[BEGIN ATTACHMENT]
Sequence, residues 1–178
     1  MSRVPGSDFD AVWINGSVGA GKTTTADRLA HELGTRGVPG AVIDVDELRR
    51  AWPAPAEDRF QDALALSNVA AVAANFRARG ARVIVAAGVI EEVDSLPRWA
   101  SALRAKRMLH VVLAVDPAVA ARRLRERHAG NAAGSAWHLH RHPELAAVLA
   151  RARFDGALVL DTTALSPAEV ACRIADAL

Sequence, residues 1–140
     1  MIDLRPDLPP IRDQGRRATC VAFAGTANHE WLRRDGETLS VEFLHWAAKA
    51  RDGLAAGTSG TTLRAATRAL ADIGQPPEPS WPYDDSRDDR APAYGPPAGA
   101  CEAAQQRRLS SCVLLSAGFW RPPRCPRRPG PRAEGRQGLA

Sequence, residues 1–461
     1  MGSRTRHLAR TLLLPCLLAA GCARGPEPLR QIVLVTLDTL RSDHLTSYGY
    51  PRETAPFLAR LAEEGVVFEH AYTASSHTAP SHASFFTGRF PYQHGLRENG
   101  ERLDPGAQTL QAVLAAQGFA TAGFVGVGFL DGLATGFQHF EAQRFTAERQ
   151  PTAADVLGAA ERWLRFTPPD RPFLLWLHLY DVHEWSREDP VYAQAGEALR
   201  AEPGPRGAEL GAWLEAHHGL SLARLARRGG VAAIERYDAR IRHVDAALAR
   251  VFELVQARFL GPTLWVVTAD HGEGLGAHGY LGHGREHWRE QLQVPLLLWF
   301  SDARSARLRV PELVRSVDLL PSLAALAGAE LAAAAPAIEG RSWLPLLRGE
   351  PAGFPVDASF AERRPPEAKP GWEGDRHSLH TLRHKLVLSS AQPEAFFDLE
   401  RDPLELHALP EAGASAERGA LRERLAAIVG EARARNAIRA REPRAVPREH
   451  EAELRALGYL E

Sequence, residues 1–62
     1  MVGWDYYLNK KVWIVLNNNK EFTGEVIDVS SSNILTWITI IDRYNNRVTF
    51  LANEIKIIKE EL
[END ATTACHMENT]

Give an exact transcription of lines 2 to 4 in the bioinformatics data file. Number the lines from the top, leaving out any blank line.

     1  MSRVPGSDFD AVWINGSVGA GKTTTADRLA HELGTRGVPG AVIDVDELRR
    51  AWPAPAEDRF QDALALSNVA AVAANFRARG ARVIVAAGVI EEVDSLPRWA
   101  SALRAKRMLH VVLAVDPAVA ARRLRERHAG NAAGSAWHLH RHPELAAVLA